Republicans won the top line on ballots fair and square, a unanimous state Supreme Court said last September.
But last week, Democrats in the General Assembly began a power grab to reverse the court's 7-0 ruling and take back the top line — favorable real estate for the 2014 election.
Frankly, the majority party's use of muscle to possibly gain advantage in the next election is unbecoming. The Democrats should be ashamed.
Even though Democrat Dannel P. Malloy won the gubernatorial election of 2010, Republican Tom Foley got more votes on the Republican line than Mr. Malloy got votes on the Democratic line. Mr. Malloy's winning edge came from votes he got on the Working Families Party line.
Those votes were added to the Democratic total, giving Mr. Malloy the governorship — but not giving his party the top line on the ballot for the next four years.
State law says that the top ballot line goes to "the party whose candidate for governor polled the highest number of votes in the last-preceding election." In the 2010 election, that was the Republican Party, the court ruled, even though Mr. Malloy got the highest total number of votes when third-party votes were included.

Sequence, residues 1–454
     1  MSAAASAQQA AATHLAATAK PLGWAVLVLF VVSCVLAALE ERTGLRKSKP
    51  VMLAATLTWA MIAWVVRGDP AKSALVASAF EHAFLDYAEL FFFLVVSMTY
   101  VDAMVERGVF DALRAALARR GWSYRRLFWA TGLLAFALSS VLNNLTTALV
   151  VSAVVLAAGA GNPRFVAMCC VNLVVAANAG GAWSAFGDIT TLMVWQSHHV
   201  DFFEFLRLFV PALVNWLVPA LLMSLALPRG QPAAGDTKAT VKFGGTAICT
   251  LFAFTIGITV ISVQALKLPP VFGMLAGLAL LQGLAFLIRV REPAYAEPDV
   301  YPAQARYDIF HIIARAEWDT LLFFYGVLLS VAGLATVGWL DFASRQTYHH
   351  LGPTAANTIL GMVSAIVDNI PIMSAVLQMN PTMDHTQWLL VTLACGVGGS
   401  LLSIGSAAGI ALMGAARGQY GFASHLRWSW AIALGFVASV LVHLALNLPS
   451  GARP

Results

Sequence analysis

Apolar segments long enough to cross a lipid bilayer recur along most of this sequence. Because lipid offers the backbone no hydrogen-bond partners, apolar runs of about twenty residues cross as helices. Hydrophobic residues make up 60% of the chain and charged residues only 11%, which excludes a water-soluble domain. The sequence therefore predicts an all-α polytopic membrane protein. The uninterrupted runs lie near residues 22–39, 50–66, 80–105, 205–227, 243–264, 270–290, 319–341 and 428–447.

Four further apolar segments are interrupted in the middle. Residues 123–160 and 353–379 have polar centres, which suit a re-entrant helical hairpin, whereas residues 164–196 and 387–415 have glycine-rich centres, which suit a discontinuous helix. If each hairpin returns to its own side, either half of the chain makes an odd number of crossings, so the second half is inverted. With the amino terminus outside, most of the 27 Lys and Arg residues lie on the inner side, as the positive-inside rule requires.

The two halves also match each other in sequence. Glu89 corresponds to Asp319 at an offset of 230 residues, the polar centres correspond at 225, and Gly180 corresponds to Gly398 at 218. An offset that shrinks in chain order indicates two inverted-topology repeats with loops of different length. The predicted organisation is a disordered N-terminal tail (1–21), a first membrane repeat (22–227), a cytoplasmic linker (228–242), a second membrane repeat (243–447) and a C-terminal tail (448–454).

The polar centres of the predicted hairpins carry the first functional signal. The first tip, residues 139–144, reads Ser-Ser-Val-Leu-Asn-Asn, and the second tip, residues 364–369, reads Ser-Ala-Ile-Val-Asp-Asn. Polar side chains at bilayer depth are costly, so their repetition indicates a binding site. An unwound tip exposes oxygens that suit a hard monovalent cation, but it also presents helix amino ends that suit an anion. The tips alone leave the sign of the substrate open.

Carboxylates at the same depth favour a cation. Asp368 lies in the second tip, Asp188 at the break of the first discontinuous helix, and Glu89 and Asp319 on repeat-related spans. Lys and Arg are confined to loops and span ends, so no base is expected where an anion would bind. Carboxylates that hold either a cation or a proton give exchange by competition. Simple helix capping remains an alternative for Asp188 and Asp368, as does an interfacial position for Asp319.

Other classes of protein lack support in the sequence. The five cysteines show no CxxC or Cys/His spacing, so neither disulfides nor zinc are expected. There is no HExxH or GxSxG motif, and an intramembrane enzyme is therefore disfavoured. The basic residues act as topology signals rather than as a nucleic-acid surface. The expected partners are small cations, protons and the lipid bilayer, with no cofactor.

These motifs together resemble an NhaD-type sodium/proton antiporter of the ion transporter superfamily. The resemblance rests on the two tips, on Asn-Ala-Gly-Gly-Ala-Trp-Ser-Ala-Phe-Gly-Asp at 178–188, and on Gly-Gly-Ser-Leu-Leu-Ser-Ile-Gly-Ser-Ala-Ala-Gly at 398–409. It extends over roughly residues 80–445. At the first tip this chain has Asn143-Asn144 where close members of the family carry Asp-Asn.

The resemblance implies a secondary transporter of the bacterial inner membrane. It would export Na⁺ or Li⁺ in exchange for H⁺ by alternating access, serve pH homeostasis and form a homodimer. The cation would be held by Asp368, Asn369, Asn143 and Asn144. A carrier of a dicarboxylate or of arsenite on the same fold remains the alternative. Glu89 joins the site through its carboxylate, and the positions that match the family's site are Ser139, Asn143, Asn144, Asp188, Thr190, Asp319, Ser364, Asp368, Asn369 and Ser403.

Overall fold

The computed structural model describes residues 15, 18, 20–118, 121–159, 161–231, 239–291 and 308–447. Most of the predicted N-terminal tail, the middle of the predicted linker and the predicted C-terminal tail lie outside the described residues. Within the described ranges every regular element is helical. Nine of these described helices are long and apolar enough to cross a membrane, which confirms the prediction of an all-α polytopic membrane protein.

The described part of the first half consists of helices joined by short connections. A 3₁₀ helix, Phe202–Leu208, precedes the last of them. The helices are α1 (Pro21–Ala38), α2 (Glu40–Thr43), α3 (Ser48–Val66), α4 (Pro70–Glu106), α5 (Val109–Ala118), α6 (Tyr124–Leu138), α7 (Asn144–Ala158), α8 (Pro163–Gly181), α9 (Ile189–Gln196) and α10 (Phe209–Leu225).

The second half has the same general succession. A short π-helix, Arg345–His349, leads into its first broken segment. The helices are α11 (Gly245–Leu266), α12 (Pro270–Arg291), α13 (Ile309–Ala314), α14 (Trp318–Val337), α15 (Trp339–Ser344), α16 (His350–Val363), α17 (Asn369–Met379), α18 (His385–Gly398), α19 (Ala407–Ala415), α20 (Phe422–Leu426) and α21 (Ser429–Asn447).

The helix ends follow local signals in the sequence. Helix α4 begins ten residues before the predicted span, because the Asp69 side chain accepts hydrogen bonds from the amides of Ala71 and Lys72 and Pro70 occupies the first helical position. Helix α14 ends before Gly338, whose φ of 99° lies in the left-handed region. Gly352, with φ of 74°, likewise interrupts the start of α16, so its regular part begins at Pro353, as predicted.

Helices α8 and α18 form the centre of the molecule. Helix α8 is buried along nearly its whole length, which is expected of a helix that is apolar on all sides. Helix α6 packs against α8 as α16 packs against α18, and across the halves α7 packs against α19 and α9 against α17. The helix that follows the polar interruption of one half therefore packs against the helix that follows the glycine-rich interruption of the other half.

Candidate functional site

Last week, on a party-line vote, the majority Democrats on the Government Administration and Elections Committee pushed legislation out to the House floor that says the party of the governor will take the top line on the ballot in the next gubernatorial election. That means in 2014, ballot-wise, the Democrats are back on top.
Democratic State Sen. Ed Meyer says his party is trying to make certain that Connecticut's law is the same as New York's. Why?
The Democrats' push to reorder the ballot provoked House Republican Leader Larry Cafero to complain: "First, the Democrats ignored the law. Then, when they got caught, they fought the law. Now, having lost 7-0 in the state Supreme Court, they want to change the law. … It is total arrogance."
Democrats can change the law to their favor because they have the numbers. But it doesn't reflect the spirit of the law as it is now written and interpreted by the Supreme Court. It looks brazen and self-serving, and burns up a lot of political capital.Copyright © 2014, The Baltimore Sun